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United States Department of Labor

Employees’ Compensation Appeals Board

 

 

__________________________________________

 

D.S., Appellant

 

and

 

U.S. POSTAL SERVICE, DOMINICK V. DANIELS PROCESSING & DISTRIBUTION CENTER, Kearney, NJ, Employer

__________________________________________

 

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Docket No. 13-1972

Issued: January 24, 2014

Appearances:                                                                          Case Submitted on the Record

Robert D. Campbell, Esq., for the appellant

Office of Solicitor, for the Director

 

 

DECISION AND ORDER

 

Before:

COLLEEN DUFFY KIKO, Judge

MICHAEL E. GROOM, Alternate Judge

JAMES A. HAYNES, Alternate Judge

 

 

JURISDICTION

 

On August 26, 2013 appellant, through his attorney, filed a timely appeal from a February 27, 2013 nonmerit decision of the Office of Workers’ Compensation Programs (OWCP) denying his untimely request for reconsideration.  Because more than 180 days elapsed from the most recent merit decision dated January 23, 2012 to the filing of this appeal, the Board lacks jurisdiction to review the merits of the case pursuant to the Federal Employees’ Compensation Act[1] (FECA) and 20 C.F.R. §§ 501.2(c) and 501.3.

ISSUE

 

The issue is whether OWCP properly denied appellant’s request for reconsideration as untimely filed and lacking clear evidence of error.

On appeal, counsel contends that a January 29, 2013 medical report of Dr. Robin R. Innella, an orthopedic surgeon, is sufficient to establish that appellant sustained a left knee injury causally related to the accepted July 31, 2010 employment incident.  He further contends that appellant’s request for reconsideration was timely filed and, thus, a merit review of his claim should have been conducted. 

FACTUAL HISTORY

 

This case has previously been before the Board.[2]  In a January 23, 2012 decision, the Board affirmed OWCP’s April 12, 2011 denial of appellant’s traumatic injury claim on the basis that the medical evidence did not establish that the accepted employment incident, being hit in the left knee by a registry mail cage door on July 31, 2010, caused or contributed to a left knee condition.[3]  Following this decision, counsel, by letter dated January 23, 2013 and received on January 29, 2013, requested reconsideration before OWCP and submitted new evidence.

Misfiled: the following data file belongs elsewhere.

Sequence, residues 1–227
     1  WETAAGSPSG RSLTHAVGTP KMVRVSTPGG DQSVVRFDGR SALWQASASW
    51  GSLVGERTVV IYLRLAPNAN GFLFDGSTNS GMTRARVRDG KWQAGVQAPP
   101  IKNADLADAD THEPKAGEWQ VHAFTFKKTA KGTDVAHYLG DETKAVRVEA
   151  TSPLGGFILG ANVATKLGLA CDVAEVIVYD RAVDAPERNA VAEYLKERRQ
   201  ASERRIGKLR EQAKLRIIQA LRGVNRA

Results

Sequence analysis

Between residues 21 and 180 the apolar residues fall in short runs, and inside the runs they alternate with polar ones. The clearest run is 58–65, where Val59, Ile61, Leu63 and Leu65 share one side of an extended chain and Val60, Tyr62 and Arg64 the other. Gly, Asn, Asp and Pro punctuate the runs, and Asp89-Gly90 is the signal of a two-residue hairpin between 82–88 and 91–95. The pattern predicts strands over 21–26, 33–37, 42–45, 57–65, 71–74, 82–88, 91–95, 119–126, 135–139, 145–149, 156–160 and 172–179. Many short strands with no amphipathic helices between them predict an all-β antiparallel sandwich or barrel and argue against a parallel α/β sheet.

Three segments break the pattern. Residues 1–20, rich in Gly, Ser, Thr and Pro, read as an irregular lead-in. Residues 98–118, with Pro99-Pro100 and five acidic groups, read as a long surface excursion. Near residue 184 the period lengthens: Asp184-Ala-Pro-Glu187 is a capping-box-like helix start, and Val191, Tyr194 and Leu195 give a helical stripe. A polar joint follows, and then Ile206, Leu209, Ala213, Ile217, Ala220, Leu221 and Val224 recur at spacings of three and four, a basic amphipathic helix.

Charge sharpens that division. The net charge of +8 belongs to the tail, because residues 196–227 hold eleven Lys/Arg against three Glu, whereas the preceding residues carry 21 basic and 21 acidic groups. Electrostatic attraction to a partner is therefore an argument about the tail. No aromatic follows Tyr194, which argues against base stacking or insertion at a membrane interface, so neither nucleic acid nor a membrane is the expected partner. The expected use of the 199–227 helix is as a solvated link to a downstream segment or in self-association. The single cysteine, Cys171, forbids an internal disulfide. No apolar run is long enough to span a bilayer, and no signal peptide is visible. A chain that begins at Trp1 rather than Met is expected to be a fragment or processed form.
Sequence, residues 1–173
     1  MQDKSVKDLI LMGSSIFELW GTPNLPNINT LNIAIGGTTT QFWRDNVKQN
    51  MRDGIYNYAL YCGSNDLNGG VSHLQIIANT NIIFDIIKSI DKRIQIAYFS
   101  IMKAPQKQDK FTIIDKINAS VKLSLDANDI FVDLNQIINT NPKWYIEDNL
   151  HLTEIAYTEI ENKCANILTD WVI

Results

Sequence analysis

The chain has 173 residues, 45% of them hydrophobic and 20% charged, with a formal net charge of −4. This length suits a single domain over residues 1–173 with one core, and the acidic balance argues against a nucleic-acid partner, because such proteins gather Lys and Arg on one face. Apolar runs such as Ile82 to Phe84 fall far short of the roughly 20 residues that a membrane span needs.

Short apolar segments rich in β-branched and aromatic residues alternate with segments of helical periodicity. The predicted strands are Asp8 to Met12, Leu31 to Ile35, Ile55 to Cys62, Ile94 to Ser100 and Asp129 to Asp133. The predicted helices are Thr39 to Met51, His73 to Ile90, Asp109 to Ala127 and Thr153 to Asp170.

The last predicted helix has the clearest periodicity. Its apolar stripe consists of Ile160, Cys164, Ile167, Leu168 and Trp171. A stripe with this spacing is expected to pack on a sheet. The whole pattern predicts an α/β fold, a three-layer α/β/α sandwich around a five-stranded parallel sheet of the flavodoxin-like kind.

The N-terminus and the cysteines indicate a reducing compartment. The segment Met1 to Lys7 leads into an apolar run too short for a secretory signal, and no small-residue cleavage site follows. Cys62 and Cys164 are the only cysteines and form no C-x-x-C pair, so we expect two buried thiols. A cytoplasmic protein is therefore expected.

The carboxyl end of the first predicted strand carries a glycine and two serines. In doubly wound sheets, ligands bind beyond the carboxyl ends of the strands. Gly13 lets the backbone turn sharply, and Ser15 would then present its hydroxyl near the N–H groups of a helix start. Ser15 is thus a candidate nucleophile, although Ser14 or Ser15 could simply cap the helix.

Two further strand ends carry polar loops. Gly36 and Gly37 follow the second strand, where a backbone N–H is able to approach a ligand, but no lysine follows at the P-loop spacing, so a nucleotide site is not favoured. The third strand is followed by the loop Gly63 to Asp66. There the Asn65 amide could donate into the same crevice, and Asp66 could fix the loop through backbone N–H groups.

In a December 4, 2012 report, Dr. Innella noted that appellant presented with a two and one-half-year history of left knee pain after an injury at that time.  A magnetic resonance imaging scan performed at that time showed meniscal tears in both menisci of the left knee and chondromalacia patella.  Appellant currently complained about worsening knee pain and stiffness in the morning and grinding within the knee.  He denied any instability.  Dr. Innella listed findings on physical and x-ray examination of the left knee.  He diagnosed osteoarthritis that was localized primarily in the lower leg.  On January 29, 2013 Dr. Innella reviewed appellant’s medical records.  He advised that appellant was status post contusion of the left knee with exacerbation of degenerative changes.  Appellant had an exacerbation of a torn medial meniscus and a tear of the lateral meniscus of the left knee.  His prognosis was fair.  Dr. Innella opined that the above-noted injuries were causally related to the July 31, 2010 employment incident and were permanent in nature.  He noted that appellant had a preexisting medial meniscal tear and chondromalacia; however, appellant was functioning and able to work with this condition.  Dr. Innella concluded that he had developed progressive symptomatology since that time. 

In a February 27, 2013 decision, OWCP denied appellant’s request for reconsideration, without a merit review.  It found that the request was not filed within one year of the Board’s January 23, 2012 decision and did not otherwise establish clear evidence of error.[4]

LEGAL PRECEDENT

 

To be entitled to a merit review of OWCP’s decision denying or terminating a benefit, a claimant must file his or her application for review within one year of the date of that decision.[5]  The Board has found that the imposition of the one-year time limitation does not constitute an abuse of the discretionary authority granted OWCP under section 8128(a) of FECA.[6]

OWCP, however, may not deny an application for review solely on the grounds that the application was not timely filed.  When an application for review is not timely filed, it must nevertheless undertake a limited review to determine whether the application establishes clear evidence of error.[7]  OWCP regulations and procedures provide that OWCP will reopen a claimant’s case for merit review, notwithstanding the one-year filing limitation set forth in 20 C.F.R. § 10.607(a), if the claimant’s application for review shows clear evidence of error on the part of OWCP.[8]